The US Senate and numerous cities are holding hearings on efforts to interrupt the school-to-prison pipeline. Excessive and disproportionate use of suspension keeps students of color out of school, stigmatizing them as nascent criminals, an early step in the mass incarceration discourses that Michelle Alexander (2010) calls “the new Jim Crow.”
Two groups of young people enter the pipeline via school: students of color and students with disabilities. African-American students are suspended and expelled at 3.5 times the rate of their white counterparts (United States Department of Education Office of Civil Rights, 2006). Students with disabilities—especially in the categories of “emotionally disturbed” and “other health impaired”—are suspended more than their peers without such labels (Krezmien, Leone, & Achilles, 2006). And at the intersection of race and disability, students of color are classified as emotionally disturbed at far higher rates than White students (Artiles & Bal, 2008; Harry & Klingner, 2006; Hosp & Reschly, 2004; Nunn-Makepace, 2011; Osher, Woodruff, & Sims, 2002). Hence, those students at the greatest risk for being suspended are African-American students regarded as having emotional disturbance (Fenning et al., 2012; Krezmien, et al., 2006; Skiba et al., 2011). They are suspended and expelled at 13.43 times the rate of the general population of students (Krezmien, et al., 2006; United States Department of Education Office of Civil Rights, 2006).
We are also in the immediate aftermath of the killings in Newtown, CT. As with Columbine, Virginia Tech, Tucson, Aurora, and other massacres before them, gun control and mental health become intertwined themes in the public reckoning with tragedy. The main thrust of the mental health thread is about screening, identifying, and then treating potential killers, and often, using schools as the venue to do so.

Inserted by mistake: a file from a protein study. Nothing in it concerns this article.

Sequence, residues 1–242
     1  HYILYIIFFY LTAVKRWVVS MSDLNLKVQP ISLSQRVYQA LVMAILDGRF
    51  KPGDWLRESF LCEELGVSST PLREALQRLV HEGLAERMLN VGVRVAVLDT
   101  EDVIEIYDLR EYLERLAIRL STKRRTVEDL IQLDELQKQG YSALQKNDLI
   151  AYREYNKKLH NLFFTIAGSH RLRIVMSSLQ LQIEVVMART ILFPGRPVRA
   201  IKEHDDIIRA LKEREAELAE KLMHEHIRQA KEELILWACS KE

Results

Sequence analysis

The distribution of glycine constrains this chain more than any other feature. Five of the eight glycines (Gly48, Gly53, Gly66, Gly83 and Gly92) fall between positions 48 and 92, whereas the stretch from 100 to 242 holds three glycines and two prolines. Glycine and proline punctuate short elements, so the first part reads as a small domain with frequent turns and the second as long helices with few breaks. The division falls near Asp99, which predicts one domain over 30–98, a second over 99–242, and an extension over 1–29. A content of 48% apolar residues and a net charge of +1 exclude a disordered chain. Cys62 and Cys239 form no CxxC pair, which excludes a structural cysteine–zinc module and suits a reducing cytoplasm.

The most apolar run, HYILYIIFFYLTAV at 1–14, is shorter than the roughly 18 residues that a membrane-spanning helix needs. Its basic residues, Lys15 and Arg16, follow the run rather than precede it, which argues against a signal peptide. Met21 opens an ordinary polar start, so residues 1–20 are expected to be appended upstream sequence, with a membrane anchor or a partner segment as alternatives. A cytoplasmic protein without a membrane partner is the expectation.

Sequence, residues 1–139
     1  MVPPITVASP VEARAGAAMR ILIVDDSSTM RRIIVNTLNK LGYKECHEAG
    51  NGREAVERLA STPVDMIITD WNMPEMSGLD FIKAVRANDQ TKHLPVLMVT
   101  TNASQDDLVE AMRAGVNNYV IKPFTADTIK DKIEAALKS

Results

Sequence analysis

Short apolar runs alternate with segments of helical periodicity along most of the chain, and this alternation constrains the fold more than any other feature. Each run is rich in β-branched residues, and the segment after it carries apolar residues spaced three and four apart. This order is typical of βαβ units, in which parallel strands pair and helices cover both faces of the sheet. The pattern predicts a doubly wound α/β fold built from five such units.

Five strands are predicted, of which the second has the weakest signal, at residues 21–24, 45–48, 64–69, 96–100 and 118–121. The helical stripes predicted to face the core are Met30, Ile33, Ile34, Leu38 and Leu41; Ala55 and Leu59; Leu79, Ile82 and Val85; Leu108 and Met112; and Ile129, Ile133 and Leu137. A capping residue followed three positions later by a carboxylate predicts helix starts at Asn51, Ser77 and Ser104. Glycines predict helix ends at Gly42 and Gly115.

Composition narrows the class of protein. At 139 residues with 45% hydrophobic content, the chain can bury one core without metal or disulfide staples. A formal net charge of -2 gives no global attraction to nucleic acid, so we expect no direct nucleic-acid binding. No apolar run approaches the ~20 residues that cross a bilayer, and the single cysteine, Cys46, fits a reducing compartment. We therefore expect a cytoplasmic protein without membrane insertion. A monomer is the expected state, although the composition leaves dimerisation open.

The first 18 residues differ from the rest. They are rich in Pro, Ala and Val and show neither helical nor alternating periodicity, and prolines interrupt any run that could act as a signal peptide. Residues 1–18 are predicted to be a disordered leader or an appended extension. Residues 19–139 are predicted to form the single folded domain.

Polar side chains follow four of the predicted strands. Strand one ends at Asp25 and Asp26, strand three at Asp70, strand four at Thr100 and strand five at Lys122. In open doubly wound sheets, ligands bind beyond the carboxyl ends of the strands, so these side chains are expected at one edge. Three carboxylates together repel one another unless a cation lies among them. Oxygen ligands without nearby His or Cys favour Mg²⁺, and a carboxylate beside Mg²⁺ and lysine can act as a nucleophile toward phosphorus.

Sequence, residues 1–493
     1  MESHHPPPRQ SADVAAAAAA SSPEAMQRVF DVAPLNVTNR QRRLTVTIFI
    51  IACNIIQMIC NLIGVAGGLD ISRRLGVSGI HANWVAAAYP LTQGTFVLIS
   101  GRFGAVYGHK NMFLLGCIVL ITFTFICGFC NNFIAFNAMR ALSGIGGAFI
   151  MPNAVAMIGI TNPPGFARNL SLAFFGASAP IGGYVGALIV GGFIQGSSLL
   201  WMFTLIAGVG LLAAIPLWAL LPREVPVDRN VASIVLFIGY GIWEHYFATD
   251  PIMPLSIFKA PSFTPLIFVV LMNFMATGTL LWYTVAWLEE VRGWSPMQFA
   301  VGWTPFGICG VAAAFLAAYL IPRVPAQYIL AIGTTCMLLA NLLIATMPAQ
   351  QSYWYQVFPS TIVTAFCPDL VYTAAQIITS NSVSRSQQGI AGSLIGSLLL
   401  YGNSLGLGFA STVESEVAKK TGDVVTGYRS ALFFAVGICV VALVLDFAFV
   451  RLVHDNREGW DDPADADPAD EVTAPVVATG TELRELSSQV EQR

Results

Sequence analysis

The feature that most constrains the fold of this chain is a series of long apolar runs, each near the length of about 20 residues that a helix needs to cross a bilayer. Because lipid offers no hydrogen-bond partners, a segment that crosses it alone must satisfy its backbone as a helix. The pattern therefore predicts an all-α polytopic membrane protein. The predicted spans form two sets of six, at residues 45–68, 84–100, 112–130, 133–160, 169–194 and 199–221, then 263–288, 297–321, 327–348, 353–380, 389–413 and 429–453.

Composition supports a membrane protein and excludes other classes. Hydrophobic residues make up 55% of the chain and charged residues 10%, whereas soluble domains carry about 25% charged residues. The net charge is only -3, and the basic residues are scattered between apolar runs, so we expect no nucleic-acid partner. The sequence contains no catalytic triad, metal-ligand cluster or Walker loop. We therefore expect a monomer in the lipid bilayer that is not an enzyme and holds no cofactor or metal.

Inclusive leaders find that one of their greatest challenges is helping their schools to work with students regarded as acting disorderly, or having emotional or behavioral disorders. In a recent study, superintendents, special education directors, and principals in five districts in Central New York who have been previously identified as inclusive leaders are interviewed and observed to document the discourses they promote in meeting this challenge. They employ the tenets of Response to Intervention (RTI) and Positive Behavioral Interventions and Supports (PBIS) as systems that will help advance that work. In particular, they believe that RTI/PBIS can help them affect a shift from dealing with disorderly behavior as a discipline matter to dealing with it as a therapeutic process.
The shift builds on disciplinary codes of conduct that establish certain behaviors as normal. Thus, inclusion efforts focus on restoring students to compliant behavior. In so doing, the leaders oversee the development of intricate systems of data analysis and control that emphasize diagnosing students, rather than looking at adults or the system as a whole. These systems privilege psychopathological discourses over other possible ways of understanding the phenomenon of disorder in schools, such as institutional racism, classism, or homophobia.
Indeed, at its apotheosis, RTI/PBIS can replace the exclusionary reasoning that a student is too delinquent to include with the equally stigmatizing logic that s/he is too ill to keep in school. Thus, a discourse that medicalizes student difference squeezes out liberatory discourses that may be available to inclusive leaders. At the present time, when current efforts to break the school-to-prison pipeline focus on replacing excessive discipline with inclusive pedagogy, this study may serve as a caution not simply to replace one stigmatizing system with another.